I can help you create extraordinary content for a variety of mediums—from web site content and videos to speeches and books. What excites me is working with great people, and having the chance to develop a voice and craft a compelling narrative.
One thing I want to make clear because of what’s happening with the rise of the freelance economy: I’m not part of that network of interchangeable writers who churn out content cheaply or write for “exposure.” I can guarantee that I’m not your least expensive option. But I’m often the best. When you hire me for a project, you’re hiring all of me—even the weird parts that you probably don’t know about. They’ll serve you well though, I promise.
Writing is my career and first love, but “plethora” seems the appropriate word to describe my other interests. I spend a lot of time making beautiful things with my sewing machine, trying to shave just 10 more seconds off my half-marathon time, and reading Curtis Sittenfeld novels, Ann Patchett essays, and Seth Godin books. I also love haggling at flea markets, sweating psychotically in hot yoga, pulling weeds from my garden, and tumbling at the local gym where a bunch of us old ex-gymnasts go to have fun (yes, I literally will tumble for you). Recently, I’ve started writing young adult fiction . . . and you can bet I will tell you when my first novel is published.
I live in Cincinnati with my husband and our two young children. I am blessed with a huge extended family. We’re loud and we enjoy each other immensely, and we eat . . . a lot (hence the running). I’m crazy busy and crazy lucky, all at the same time.
I invite you to get in touch with me if you want to chat about a project.
Judi Ketteler's Professional bio
Judi Ketteler has been writing stories since she was old enough to hold a pencil. Now, she is a collaborator in storytelling. She makes her living strategizing with businesses to figure out how to best craft and deliver their message, from web sites and videos to speeches and books. In addition, she frequently works with content marketing agencies and web design firms. Judi has worked with brands such as Ethicon Endo-Surgery, American Heart Association, Cleveland Clinic, Cincinnati Children's Hospital Medical Center, ASICS, Origami Owl Jewelry, and Petco.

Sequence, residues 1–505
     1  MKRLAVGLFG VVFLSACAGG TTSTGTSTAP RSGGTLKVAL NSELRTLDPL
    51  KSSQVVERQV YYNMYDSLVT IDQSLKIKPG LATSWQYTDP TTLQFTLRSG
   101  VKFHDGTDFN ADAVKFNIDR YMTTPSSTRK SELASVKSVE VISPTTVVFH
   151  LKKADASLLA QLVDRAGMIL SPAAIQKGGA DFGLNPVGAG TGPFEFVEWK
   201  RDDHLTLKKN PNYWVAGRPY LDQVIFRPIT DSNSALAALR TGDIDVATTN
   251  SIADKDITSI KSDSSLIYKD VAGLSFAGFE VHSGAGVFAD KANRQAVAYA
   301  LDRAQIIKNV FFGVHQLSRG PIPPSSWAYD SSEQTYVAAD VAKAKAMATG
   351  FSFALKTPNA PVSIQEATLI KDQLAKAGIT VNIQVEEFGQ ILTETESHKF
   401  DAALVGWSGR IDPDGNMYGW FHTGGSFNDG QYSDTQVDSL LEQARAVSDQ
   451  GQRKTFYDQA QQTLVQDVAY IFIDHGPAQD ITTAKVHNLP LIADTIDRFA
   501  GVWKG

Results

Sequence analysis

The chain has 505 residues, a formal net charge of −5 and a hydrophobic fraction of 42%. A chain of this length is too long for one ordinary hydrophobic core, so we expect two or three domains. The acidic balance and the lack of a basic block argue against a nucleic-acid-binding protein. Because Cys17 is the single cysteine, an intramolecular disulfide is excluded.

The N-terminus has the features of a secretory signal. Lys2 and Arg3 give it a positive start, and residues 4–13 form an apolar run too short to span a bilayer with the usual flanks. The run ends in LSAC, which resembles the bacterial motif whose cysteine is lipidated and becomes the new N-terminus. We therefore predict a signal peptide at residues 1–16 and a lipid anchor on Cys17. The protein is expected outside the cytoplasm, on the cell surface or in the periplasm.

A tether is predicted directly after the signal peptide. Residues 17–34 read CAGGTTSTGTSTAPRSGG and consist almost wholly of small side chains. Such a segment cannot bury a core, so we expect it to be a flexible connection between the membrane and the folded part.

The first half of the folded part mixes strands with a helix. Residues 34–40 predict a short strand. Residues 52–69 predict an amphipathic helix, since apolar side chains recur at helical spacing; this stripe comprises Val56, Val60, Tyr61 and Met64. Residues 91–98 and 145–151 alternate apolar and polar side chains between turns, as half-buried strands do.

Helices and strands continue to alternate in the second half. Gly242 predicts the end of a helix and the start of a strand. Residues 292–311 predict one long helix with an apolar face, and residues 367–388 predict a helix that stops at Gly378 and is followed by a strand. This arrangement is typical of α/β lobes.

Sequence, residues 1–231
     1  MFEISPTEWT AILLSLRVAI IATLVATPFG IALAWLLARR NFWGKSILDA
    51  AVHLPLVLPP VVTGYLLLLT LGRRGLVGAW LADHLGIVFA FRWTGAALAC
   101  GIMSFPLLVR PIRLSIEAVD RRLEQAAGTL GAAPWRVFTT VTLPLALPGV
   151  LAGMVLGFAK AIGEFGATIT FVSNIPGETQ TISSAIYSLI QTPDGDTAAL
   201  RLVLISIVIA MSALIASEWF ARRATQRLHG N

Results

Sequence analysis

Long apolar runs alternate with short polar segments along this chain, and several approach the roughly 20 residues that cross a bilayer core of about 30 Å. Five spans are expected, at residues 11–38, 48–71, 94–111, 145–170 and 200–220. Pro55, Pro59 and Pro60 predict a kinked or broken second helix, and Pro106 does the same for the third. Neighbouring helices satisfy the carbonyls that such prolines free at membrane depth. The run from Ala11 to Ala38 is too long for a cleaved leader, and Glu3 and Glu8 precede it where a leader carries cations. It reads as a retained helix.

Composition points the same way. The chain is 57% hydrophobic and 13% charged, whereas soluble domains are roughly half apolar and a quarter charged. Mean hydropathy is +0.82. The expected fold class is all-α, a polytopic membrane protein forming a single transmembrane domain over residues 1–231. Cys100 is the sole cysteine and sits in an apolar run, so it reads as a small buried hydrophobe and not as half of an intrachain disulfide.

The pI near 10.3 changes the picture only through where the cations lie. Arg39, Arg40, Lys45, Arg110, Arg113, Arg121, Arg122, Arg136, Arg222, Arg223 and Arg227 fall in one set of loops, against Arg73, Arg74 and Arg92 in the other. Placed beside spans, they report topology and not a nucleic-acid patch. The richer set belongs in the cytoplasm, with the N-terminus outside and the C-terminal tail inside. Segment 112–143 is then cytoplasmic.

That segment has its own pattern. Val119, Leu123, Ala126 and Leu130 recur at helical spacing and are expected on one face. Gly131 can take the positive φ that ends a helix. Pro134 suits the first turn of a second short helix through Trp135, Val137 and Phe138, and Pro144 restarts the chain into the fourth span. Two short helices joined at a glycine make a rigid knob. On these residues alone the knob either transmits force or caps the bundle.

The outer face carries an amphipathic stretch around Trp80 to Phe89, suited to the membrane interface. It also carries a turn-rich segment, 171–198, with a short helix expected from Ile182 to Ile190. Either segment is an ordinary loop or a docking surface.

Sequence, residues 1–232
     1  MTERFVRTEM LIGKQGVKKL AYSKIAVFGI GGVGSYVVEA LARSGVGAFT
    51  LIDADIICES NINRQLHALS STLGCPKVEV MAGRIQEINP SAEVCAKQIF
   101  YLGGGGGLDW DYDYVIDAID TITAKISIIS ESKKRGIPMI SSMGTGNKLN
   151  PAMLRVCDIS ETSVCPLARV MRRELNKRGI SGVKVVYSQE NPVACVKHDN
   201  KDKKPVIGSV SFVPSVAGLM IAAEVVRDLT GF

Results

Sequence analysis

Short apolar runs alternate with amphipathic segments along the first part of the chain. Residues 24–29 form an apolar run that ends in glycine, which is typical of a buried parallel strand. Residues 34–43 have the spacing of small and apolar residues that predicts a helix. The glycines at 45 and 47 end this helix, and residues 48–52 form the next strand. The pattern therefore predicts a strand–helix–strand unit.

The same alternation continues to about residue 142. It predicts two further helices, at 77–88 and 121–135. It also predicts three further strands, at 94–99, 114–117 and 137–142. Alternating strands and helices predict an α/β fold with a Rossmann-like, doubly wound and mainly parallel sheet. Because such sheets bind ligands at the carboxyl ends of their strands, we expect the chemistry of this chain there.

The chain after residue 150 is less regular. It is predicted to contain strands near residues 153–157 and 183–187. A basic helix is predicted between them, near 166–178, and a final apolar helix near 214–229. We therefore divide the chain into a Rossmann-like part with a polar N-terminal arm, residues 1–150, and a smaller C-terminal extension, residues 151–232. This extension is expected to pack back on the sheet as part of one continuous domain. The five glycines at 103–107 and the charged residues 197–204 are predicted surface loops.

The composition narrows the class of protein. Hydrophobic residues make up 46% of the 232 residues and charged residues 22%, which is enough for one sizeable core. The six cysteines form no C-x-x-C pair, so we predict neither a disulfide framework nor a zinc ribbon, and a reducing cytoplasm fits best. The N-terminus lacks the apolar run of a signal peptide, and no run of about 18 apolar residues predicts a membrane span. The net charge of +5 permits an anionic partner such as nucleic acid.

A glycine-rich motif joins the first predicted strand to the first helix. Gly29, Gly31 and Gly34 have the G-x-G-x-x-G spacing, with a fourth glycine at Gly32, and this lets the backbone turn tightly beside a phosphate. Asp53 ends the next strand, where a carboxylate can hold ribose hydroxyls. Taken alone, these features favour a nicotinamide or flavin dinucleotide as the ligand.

Judi got her start working at an agency as a copywriter, but has been on her own since 2002. A magazine-industry veteran, Judi has written for dozens of markets, such as Better Homes & Gardens, Good Housekeeping, The New York Times, Runner’s World, Self, Women’s Health, and many others. An essay she wrote for Whole Living won ASJA's award for "Best Magazine Essay" in 2011. Her first book, Sew Retro: A Stylish History of the Sewing Revolution + 25 Vintage-Inspired Projects for the Modern Girl, was published by Voyageur Press in 2010. Her second book, The Spoonflower Handbook: A DIY Guide to Designing Fabric, Wallpaper & Gift Wrap was published in September 2015 by STC Craft. Judi is currently working on a young adult novel.
When she’s not writing, Judi loves running, yoga, and flea markets. She lives with her husband and two young children in Cincinnati, Ohio.
Download a PDF of this bio.